Though this Assembly might illustrate the evils arising from the structure of the Council by other examples, sad experience has taught them that it is not always safe to attempt to convey to the foot of the Throne representations that are disagreeable to its Members. A year's Revenue, and all the appropriations were sacrificed in a protracted struggle with the Upper House in 1830; and, during the present Session, the Assembly found itself compelled, by a regard to the public interest, to rescind a series of Resolutions, passed after grave deliberation, and comprehending many of the topics touched on in this Address. The evils arising from the structure, of the Council are heightened, and rendered more injurious, by the practice adhered to by that Body, of shutting out the, People from their deliberations. This practice they still maintain, although it is opposed to that of the House of Lords in England - that of the Legislative Councils of Lower Canada, New Brunswick and Newfoundland, and notwithstanding the murmurs and complaints of the People, for a long series of years, and the representations and remonstrances of this Assembly.
While this House has a due reverence for British Institutions, and a desire to preserve to themselves and their Children the advantages of that Constitution, under which their brethren on the other side of the Atlantic have enjoyed so much prosperity and happiness; they cannot but feel that those they represent participate but slightly in those blessings. They know that the spirit of that Constitution - the genius of those Institutions, is complete responsibility to the People, by whose resources, and for whose benefit they are maintained. But, in this Colony; the People and their Representatives are powerless, exercising upon the local Government very little influence, and possessing no effectual control. In England, the People, by one vote of their Representatives, can change, the Ministry, and, alter any course of policy injurious to their interests; here, the Ministry are your Majesty's Council, combining Legislative, Judicial and Executive powers holding their seats for life, though nominally at the pleasure of the Crown; and often treating with indifference the wishes of the People, and the Representations of the Commons. In England, the Representative Branch can compel a redress of grievances, by withholding the Supplies : here, they have no such remedy; because the Salaries of nearly all the Public Officers being, provided for by permanent Laws, or paid out of the Casual and Territorial Revenues, or from the produce of duties collected under Imperial Acts, a stoppage of Supplies, while, it would inflict great injury upon the Country, by leaving the Roads, Bridges, and other essential services unprovided for, would not touch the emoluments of the heads of Departments in the Council or of any but a few subordinate Officers of the Government.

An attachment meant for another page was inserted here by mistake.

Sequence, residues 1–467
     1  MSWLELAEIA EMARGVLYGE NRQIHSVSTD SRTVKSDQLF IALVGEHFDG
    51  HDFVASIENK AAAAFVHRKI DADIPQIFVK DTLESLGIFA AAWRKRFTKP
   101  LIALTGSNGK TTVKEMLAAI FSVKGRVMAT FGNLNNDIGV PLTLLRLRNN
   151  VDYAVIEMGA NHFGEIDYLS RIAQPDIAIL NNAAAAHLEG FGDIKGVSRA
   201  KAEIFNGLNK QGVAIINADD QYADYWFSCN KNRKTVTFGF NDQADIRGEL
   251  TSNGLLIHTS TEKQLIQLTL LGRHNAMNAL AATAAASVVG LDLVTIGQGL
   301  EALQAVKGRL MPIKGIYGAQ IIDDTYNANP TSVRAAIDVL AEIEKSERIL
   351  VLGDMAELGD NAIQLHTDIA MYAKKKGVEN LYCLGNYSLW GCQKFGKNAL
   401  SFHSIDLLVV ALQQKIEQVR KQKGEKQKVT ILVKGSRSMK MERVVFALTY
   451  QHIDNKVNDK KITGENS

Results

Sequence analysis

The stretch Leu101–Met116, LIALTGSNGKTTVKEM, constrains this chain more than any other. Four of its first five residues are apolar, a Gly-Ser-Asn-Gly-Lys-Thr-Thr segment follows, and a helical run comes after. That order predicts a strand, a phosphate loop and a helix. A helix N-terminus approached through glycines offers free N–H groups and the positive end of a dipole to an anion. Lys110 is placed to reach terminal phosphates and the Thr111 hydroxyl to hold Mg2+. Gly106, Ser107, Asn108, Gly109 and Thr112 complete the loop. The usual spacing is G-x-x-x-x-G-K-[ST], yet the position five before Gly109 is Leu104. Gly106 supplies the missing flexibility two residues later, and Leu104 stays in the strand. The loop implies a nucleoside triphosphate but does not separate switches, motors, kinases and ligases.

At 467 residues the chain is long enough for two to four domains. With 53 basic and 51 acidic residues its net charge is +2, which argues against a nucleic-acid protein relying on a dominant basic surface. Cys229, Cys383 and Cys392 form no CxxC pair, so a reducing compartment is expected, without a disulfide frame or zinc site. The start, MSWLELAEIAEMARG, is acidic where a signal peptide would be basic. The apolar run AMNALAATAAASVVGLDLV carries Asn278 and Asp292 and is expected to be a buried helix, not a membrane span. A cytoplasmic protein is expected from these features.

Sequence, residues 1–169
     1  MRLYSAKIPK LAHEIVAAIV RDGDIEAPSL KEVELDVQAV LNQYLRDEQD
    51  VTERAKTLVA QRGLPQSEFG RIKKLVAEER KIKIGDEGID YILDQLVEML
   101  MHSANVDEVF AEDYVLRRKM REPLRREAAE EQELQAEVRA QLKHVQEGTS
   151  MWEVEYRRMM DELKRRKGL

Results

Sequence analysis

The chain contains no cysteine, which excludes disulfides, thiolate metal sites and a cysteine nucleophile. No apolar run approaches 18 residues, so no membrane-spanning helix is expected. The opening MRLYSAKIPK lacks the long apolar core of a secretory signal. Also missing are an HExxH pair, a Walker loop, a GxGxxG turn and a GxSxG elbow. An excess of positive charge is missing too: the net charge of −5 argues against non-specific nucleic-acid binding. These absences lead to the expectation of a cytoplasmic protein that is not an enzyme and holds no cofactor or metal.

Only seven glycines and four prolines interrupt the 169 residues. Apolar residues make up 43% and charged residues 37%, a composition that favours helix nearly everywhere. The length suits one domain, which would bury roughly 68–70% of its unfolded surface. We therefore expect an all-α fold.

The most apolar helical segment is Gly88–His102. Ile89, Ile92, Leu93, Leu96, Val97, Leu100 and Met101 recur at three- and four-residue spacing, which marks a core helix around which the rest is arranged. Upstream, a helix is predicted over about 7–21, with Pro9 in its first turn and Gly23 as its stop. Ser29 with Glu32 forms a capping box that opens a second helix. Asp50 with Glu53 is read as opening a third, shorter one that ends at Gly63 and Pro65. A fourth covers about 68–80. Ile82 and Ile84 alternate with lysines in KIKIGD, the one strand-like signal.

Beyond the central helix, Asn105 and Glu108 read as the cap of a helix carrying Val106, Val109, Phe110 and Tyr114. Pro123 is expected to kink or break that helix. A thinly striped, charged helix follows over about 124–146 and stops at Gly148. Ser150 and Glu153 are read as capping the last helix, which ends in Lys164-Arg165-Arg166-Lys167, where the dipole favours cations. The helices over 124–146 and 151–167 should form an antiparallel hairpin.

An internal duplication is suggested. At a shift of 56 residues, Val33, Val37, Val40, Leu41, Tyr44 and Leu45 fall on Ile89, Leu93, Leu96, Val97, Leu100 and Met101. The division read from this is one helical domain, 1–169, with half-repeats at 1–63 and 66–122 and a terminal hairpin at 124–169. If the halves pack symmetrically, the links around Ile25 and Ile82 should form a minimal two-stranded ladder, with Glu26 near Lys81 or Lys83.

As a remedy for these grievances, we implore Your Majesty to grant us an Elective Legislative Council; or, to separate the Executive from the Legislative Council; providing for a just Representation of all the great interests of the Province in both; and by the introduction into the former of some Members of the popular Branch, and otherwise securing responsibility to the Commons, confer upon the People of this Province, what they value above all other Possessions, the blessings of the British Constitution.